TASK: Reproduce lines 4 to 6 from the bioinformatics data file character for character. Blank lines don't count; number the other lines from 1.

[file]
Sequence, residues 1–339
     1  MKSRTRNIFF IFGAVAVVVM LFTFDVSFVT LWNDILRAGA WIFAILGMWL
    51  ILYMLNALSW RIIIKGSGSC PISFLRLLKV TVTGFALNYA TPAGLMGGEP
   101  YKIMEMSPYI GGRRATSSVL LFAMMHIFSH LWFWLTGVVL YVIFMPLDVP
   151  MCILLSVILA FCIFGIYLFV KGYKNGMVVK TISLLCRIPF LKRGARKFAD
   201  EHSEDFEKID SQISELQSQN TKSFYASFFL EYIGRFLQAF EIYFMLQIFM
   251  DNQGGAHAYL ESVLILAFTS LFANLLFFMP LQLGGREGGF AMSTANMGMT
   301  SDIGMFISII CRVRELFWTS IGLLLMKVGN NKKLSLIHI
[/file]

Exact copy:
   101  YKIMEMSPYI GGRRATSSVL LFAMMHIFSH LWFWLTGVVL YVIFMPLDVP
   151  MCILLSVILA FCIFGIYLFV KGYKNGMVVK TISLLCRIPF LKRGARKFAD
   201  EHSEDFEKID SQISELQSQN TKSFYASFFL EYIGRFLQAF EIYFMLQIFM